In Conversation with Jamilah Sabur
Linking South America and the Caribbean
Jamilah Sabur is a Jamaican-born, Miami-based multidisciplinary artist. For her latest solo exhibition the artist employs video installation and sculptures to weave narratives relating her mother’s childhood home in Jamaica to the history of Simón Bolívar. C& spoke to Sabur about reconnecting elements through art and how we can become more human.
lundi 13 novembre 2017
C&: What drew you to the memories of your mother’s childhood home in Jamaica?
Jamilah Sabur: I have been documenting memories from both my parents and an aunt, and some of their memories have inspired past works. But through my mom’s retelling of memories, I am compelled to trace and connect them to significant historical moments. She was born under colonial rule, witnessed independence and the ramification of independence, the trap of the World Bank, IMF, Cold War politics, the violence, and destruction. Right now I’m very much locked into her memories from the 1960s. Her universe at this period was quite magical, hopeful, and surreal. What is around us seems like the only thing that could ever be real at times, so part of what I’m doing is simply giving kindling for a political imagination that has smells and sights and touches – is in other words “embodied”.
C&: Why did you decide to combine 2D works and video when dealing with memories?
JS: My practice has always been multimodal. I don’t really see a difference in the way I construct a sculpture, space, performance, or text; everything has always felt propositional. Recently, I described my practice as one that arranges channels between elements that belong together. In this case, in the show If Defined, Then Undefine at Dimensions Variable, the 2D and video gestures were of interactions with the memory of my mother’s almond tree that was in her front yard.
C&: What’s so particular in the relationship between the Caribbean and South America?
JS: Growing up in Miami, it has always felt like an extension of the region. Miami is like a laboratory where I can examine the social dynamics and the multiplicity of histories. And then I constantly find myself in a place where I ask myself about the histories that are silenced. Lately I’ve been spending a lot of time looking at the past, the history of genocide and slavery in this region, in an attempt to connect the dots for the present conditions – and with this, I am able to record, revive, reassemble, rebuild, and reimagine. I’m obsessed with thinking about a Latin America Caribbean that is less patriarchal, united, egalitarian, and without borders. The Climate War is here, and it’s time to relinquish the colonial conception that we have of ourselves and territory.
C&: How much of you and your own experiences are in the work?
JS: It’s difficult to say what is my experience and what is not. I believe in expanding the empathic imagination and I am always trying to expand mine. Part of that is realizing that really your mind and body are always the grounds for an analogy with other people, you have no choice but to understand others via yourself, and I think all of my work comes from that, which is me. However, we all have an imaginative scope that gives shape to ourselves and our identity. For example, I might have a concept of “America” or “womanhood” that is limited to a really particular and narrow experience. A big portion of any identity that we have – who we are – has to come from outside of us. I don’t think we realize that, and forgetting it is an invitation to rigidity and insensitivity because we hold who we are beyond question. Do we reckon our identities much? If we see how much of ourselves is made of ephemeral and ghostly substances, I think we become more human. Certainly, there are a lot of experiences in my life that give me the desire to understand the imaginative scope, its extent, and its borders. Being Black, growing up undocumented, generally provides you with all kinds of those experiences. And having family members with immigration problems today, with the question arising whether the nation is to include them in its self-concept, has been important, so the lack of empathy is important.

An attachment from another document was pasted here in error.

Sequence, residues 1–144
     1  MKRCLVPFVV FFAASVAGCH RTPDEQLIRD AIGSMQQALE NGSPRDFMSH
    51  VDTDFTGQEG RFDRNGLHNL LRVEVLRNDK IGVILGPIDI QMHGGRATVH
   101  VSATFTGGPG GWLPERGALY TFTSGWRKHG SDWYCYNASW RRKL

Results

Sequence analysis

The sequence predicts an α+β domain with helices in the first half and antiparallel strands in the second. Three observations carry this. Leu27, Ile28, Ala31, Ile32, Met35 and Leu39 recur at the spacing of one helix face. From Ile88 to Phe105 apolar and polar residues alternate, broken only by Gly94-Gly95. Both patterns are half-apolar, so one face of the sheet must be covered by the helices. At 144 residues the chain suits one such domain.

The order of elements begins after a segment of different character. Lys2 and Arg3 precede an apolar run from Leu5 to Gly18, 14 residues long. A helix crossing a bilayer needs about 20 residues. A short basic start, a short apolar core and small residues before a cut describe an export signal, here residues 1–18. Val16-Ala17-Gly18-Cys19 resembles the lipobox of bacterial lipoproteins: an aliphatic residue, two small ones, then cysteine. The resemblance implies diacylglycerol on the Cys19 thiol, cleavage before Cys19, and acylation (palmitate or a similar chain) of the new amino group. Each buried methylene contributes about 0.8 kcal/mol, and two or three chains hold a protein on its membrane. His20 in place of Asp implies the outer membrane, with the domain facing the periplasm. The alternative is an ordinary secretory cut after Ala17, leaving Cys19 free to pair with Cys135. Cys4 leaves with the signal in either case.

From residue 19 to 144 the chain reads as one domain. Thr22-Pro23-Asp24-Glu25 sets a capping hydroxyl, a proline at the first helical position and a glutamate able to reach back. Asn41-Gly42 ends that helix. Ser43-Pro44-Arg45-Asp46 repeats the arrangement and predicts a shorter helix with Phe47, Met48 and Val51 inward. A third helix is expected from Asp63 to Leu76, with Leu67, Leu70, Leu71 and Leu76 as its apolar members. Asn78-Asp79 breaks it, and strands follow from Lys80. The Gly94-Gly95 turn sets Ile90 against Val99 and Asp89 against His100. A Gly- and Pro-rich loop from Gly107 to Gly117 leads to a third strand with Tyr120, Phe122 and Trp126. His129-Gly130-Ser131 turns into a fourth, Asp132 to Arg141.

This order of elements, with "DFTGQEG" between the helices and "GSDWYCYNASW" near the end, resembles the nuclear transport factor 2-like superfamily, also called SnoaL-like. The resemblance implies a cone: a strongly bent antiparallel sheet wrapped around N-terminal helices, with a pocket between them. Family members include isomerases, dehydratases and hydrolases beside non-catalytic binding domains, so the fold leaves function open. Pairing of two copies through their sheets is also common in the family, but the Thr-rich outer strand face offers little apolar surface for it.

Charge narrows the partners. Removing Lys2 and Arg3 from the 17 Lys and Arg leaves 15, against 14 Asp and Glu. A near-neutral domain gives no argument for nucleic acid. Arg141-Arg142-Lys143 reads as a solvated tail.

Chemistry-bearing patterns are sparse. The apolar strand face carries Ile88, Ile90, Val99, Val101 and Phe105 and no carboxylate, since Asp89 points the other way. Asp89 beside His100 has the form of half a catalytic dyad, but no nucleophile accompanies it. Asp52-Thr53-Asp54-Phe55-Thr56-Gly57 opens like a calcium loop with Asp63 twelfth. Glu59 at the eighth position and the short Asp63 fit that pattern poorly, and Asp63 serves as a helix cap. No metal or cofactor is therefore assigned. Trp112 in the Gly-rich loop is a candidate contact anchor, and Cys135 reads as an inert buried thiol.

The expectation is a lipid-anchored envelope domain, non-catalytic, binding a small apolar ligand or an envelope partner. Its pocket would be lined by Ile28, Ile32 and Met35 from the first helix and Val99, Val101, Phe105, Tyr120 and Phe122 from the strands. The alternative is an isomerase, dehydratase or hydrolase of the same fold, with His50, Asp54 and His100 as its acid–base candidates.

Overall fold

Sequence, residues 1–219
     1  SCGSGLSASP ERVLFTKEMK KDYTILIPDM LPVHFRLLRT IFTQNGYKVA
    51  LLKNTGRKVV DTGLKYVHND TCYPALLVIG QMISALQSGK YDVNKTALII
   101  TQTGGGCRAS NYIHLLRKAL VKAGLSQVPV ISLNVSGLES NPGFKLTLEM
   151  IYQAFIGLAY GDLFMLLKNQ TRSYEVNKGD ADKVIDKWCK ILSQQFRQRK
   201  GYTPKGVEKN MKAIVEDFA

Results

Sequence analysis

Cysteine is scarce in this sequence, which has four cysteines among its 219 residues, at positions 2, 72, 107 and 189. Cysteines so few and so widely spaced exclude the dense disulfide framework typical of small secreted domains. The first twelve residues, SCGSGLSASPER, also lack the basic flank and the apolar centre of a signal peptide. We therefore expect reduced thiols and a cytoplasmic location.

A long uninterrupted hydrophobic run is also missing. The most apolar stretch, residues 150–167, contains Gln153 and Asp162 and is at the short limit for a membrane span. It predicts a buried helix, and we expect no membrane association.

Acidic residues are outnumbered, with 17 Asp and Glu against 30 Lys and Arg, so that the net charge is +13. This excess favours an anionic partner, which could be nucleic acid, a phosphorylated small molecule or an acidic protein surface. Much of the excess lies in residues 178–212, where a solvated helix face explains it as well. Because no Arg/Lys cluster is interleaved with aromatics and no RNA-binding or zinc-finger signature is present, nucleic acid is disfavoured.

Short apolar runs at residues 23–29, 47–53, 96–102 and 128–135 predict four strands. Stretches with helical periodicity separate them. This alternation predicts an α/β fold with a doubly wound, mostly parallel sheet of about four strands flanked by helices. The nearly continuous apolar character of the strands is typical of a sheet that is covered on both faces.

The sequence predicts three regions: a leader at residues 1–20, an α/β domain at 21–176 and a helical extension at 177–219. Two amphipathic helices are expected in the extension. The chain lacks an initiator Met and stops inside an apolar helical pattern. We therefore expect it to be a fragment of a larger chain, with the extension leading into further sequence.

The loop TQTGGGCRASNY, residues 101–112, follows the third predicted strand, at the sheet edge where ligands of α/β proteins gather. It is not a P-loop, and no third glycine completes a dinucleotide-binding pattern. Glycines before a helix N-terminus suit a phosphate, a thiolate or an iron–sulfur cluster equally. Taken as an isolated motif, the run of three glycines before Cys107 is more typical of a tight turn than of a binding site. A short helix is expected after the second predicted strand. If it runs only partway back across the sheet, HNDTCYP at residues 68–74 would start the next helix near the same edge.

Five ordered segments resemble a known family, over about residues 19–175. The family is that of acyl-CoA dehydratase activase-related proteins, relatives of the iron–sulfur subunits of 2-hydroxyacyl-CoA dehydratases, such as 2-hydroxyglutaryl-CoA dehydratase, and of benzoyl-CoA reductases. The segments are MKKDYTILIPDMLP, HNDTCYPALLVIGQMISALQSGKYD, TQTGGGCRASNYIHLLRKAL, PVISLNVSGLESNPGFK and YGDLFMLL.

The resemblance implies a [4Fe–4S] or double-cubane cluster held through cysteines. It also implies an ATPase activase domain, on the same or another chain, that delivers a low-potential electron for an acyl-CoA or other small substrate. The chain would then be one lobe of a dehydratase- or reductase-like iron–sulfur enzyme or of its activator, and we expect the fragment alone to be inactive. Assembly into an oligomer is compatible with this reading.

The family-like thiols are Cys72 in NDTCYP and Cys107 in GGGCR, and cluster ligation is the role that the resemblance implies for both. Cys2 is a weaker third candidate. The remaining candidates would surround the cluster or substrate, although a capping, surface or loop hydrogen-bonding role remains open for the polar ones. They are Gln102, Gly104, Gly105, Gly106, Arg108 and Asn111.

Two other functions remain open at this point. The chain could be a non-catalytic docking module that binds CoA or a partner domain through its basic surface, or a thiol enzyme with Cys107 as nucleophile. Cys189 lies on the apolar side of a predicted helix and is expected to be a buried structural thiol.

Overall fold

C&: What do you find interesting in Simón Bolívar’s history in Jamaica?
JS: He was in exile in Jamaica before returning to become involved in so many revolutions in South America. The nations of the Caribbean, South America, and Central America have a common origin, so there’s much ground for common feelings and understanding, but it’s not a space that we dwell in – the neglected labor of crafting some kind of connection and the ease of avoiding the implications of the ideals which figures like Bolívar bring up so powerfully. Looking at the trajectory from the perspective of Jamaica in 1815 through Bolívar, I was able to break my myopic view and see the entire theatre of war that was in effect at this period.
Interview by Will Furtado.
Jamilah Sabur, If Defined, Then Undefine, was on show at Dimensions Variable, Miami, in September 2017.